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New Jersey restricts non-disparagement clauses in employment contracts

On May 7, 2024, the New Jersey Supreme Court unanimously ruled Savage vs Township of Neptune that employers cannot enforce non-disparagement or other provisions in an agreement that result in the withholding of details of allegations of discrimination, retaliation, and harassment. With this decision, the Court clarified the scope of the 2019 amendment to the New Jersey Law Against Discrimination (NJLAD).

In the wake of the #MeToo movement, New Jersey passed an amendment to the NJLAD that removed barriers to employees speaking out about discrimination, retaliation, and harassment in the workplace. Specifically, NJSA 10:5-12.8(a) states: “[a] A provision in an employment contract or settlement agreement that has the purpose or effect of concealing details relating to a claim of discrimination, retaliation or harassment (hereinafter referred to as a confidentiality clause) is contrary to public policy and unenforceable against a current or former employee.” The amendment did not clarify whether the term “confidentiality clause” includes non-disparagement clauses.

In 2020, the Town of Neptune attempted to enforce a non-disparagement clause in a settlement agreement between it and former police officer Christine Savage, who had discussed her case and made statements on a television news segment about those she believed had harassed her. The trial court granted the town's motion to enforce the provision, finding that the NJLAD amendment only excluded non-disclosure and confidentiality agreements and that Savage had violated an enforceable non-disparagement clause. The appeals court also ruled that the town could enforce the non-disparagement clause.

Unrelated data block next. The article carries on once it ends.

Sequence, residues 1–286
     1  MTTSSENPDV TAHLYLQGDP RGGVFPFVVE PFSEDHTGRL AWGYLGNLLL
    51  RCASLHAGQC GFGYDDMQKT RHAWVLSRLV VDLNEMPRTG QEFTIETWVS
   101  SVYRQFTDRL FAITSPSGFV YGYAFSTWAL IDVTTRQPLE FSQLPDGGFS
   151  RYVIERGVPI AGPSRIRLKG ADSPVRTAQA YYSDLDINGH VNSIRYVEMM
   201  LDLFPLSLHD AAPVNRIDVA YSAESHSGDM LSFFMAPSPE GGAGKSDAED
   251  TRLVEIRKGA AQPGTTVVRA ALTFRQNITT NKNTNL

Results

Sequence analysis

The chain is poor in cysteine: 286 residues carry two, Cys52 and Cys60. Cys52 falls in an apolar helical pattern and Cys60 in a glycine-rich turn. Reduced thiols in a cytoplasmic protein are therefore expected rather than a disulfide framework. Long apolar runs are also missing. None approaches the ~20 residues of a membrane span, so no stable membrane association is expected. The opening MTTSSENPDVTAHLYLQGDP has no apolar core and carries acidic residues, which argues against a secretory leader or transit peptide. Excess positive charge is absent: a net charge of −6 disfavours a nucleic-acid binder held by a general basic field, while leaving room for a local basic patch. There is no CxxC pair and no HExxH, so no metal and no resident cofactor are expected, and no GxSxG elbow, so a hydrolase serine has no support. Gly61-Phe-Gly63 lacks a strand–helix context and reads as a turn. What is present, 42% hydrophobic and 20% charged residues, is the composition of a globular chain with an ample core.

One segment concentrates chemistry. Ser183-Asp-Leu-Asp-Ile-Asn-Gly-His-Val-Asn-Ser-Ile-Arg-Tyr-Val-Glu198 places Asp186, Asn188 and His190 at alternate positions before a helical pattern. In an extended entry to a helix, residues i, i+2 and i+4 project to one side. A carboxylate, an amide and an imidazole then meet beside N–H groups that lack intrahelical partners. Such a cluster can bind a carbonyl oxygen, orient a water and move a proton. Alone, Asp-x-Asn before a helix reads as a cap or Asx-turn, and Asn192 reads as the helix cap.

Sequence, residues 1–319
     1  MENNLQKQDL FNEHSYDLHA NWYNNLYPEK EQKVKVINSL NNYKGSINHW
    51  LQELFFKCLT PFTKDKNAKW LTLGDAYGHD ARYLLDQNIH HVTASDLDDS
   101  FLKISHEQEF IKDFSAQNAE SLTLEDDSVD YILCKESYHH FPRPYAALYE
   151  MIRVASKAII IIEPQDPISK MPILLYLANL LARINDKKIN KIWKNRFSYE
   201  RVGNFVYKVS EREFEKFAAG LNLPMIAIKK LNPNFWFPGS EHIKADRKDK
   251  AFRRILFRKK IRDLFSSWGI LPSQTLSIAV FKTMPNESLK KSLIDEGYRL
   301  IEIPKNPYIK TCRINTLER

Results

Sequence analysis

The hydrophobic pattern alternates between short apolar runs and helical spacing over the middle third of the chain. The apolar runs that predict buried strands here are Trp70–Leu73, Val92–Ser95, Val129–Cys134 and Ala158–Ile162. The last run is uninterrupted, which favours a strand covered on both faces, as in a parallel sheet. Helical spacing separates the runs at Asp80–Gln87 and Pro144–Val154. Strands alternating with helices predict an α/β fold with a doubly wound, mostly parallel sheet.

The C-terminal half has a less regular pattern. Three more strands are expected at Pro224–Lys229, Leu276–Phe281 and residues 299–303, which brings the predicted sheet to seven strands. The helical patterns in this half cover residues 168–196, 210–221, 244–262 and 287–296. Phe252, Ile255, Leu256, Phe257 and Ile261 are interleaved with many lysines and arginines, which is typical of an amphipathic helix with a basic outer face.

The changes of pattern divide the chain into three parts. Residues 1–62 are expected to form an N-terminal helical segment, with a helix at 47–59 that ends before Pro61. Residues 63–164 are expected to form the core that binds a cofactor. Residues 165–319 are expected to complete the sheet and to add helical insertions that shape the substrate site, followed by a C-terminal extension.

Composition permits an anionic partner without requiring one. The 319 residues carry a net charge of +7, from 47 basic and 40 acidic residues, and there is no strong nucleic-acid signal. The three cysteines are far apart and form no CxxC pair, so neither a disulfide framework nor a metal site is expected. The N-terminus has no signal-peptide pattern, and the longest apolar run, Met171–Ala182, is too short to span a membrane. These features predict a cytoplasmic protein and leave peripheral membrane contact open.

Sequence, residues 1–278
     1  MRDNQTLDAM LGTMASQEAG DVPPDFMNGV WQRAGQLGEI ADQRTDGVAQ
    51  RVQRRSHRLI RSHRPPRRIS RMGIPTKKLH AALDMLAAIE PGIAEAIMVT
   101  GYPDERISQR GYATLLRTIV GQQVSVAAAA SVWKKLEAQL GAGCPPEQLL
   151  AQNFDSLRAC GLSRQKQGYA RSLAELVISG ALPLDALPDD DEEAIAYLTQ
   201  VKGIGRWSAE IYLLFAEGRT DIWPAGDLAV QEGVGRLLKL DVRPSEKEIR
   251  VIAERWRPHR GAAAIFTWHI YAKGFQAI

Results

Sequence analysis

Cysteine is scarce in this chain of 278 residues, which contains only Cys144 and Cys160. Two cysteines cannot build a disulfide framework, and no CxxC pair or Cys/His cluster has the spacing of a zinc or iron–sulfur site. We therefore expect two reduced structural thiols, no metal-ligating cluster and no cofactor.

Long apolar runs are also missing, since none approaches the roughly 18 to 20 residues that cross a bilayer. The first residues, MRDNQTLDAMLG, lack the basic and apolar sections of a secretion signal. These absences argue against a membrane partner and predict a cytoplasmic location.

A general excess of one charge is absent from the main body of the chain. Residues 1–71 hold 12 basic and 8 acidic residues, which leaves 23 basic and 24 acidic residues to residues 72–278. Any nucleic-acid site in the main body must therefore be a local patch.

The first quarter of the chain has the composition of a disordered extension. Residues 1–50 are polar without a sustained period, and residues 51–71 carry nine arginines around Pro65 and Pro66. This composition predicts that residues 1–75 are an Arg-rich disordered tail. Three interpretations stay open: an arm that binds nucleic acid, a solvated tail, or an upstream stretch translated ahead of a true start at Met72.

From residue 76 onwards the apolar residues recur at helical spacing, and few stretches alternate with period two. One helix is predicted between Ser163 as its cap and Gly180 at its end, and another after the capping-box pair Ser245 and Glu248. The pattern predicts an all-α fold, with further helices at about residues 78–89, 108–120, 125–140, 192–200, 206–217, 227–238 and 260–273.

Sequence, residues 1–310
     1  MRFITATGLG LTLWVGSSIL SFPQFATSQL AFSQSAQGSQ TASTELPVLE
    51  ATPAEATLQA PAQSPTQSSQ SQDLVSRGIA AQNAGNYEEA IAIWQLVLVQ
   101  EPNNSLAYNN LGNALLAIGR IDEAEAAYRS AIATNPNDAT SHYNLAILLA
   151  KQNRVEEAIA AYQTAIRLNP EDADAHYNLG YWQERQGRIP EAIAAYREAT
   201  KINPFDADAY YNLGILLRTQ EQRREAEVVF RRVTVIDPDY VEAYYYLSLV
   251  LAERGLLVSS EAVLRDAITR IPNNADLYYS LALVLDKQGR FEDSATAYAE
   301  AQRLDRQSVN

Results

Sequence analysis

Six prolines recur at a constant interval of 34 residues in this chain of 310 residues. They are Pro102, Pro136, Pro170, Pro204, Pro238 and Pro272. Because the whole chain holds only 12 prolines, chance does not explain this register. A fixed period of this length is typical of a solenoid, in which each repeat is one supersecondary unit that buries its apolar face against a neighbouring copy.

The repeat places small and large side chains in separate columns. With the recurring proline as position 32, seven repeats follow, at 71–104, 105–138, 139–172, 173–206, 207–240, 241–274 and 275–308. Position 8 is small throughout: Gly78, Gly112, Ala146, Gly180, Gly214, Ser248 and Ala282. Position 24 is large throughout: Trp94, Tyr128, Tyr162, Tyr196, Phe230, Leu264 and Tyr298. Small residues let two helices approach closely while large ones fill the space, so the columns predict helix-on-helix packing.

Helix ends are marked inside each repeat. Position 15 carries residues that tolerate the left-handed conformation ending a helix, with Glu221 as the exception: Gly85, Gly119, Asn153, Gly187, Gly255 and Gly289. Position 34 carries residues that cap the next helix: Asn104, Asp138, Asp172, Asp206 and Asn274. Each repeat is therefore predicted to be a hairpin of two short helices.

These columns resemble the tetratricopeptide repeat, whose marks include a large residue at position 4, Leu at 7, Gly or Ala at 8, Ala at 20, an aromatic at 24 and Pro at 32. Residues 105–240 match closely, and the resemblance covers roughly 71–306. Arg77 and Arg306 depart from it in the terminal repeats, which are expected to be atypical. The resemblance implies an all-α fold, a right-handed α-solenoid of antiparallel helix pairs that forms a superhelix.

The Supreme Court of New Jersey disagreed with the two lower courts and ultimately ruled that any provision, including a non-disparagement clause that results in the withholding of details of allegations of discrimination, retaliation and harassment, is unenforceable. As a result, the Supreme Court ruled that the non-disparagement clause in Savage's settlement agreement was unenforceable.

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The Supreme Court did not go so far as to ban non-disparagement clauses entirely. However, to be enforceable, non-disparagement clauses must be narrowly drafted and limited to matters unrelated to an employee's discrimination, retaliation or harassment claims. Employers should consider reviewing their standard contracts, including settlement and separation agreements, to ensure compliance with this new ruling.

Anna Harden

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